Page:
Why You Should Pick the Executor of a Will Carefully — Part One

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There are two duties most people would gladly put off as long as possible: The first is writing a will, and the second is updating it to reflect changed circumstances. Whenever you decide to get around to this task, it’s crucial to name the right executors.

Regarding the first chore, my client roster includes recalcitrant individuals who’ve yet to write their wills. I regularly remind them how badly things could turn out if they fail to do so. For instance, their assets might wind up with individuals they never intended to benefit or consider less-than-deserving of their largess than others.

Regarding the second, I tell those who heed my homilies that costly and expensive events could occur if they neglect to update their wills to reflect changes in their lives. They often ask what I mean by “changes.” In response, I cite events like moving to another state, entering into a marriage or ending one, experiencing significant increases or decreases in their net worth or having heirs unexpectedly predecease them.

I also exhort clients to think carefully when selecting or replacing executors, the persons who are the key figures in the settling of their estates. They’re best served by individuals willing to take jobs that are potentially time consuming and demanding. As for wannabe executors, I tell them to reflect on how badly things can end up if they make mistakes (more on that in a moment).

Let’s start by going down the list of an executor’s duties. The first is to assemble and value all of the deceased’s assets. Executors have to ferret out records for bank accounts, brokerage accounts, tax-deferred retirement accounts and insurance policies, as well as other assets like real estate, art, jewelry and automobiles.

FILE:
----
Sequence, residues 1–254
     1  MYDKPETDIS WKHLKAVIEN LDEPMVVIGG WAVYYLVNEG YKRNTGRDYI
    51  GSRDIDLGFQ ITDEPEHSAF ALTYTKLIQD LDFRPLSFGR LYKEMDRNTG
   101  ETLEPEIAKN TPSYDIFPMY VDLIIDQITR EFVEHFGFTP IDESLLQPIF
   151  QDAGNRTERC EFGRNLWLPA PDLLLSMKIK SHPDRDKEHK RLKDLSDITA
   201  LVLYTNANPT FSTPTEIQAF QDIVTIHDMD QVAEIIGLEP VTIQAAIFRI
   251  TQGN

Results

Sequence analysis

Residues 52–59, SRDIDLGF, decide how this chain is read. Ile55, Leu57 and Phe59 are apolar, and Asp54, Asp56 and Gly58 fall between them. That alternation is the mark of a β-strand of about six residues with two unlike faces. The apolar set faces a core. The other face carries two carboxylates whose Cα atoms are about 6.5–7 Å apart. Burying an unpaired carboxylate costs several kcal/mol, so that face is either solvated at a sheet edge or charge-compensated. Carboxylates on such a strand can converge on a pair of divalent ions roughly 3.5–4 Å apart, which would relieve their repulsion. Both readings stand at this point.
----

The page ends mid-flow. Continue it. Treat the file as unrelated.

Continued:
Besides those chores, executors need to unearth information about debts, mortgages and tax records and figure out if the person had safe deposit boxes, made loans to family members or others or made charitable pledges.

Their next responsibility: Pay all bills and charges. Executors typically turn to professionals for those tasks. The list might include the timely filing of the deceased’s final income tax return, federal estate taxes, state inheritance taxes and the estate’s income tax return, along with the payment of any money owed.

When can executors distribute assets in accordance with wills? The answer: Only after they’ve valued assets and paid bills. Their final responsibility is to submit accountings to the courts (usually designated “probate” but sometimes called “orphan’s” or “surrogate’s”) for everything they’ve done.

That’s how the story usually ends. But many executors belatedly learn their reliance on the counsel of attorneys, accountants and other professional advisors doesn’t relieve them of responsibility for mistakes.

Suppose the IRS says some taxes remain unpaid or a few forms were filed late. The agency’s Stepford response is to bill the executors. After all, the law says they’re personally responsible in those kinds of situations. The courts routinely uphold IRS assessments of taxes, penalties and interest charges.

In a subsequent column, I’ll discuss two cases in which the courts agreed with the IRS that executors who failed to obtain the proper tax advice had to personally foot the bills for estate taxes and penalties.

Additional articles. A reminder for accountants who would welcome advice on how to alert clients to tactics that trim taxes for this year and even give a head start for next year: Delve into the archive of my articles (more than 250 and counting). 

About Julian Block

Julian Block

Attorney and author Julian Block is frequently quoted in the New York Times, Wall Street Journal, and the Washington Post. He has been cited as “a leading tax professional” (New York Times), an “accomplished writer on taxes” (Wall Street Journal), and “an authority on tax planning” (Financial Planning magazine). More information about his books can be found at julianblocktaxexpert.com

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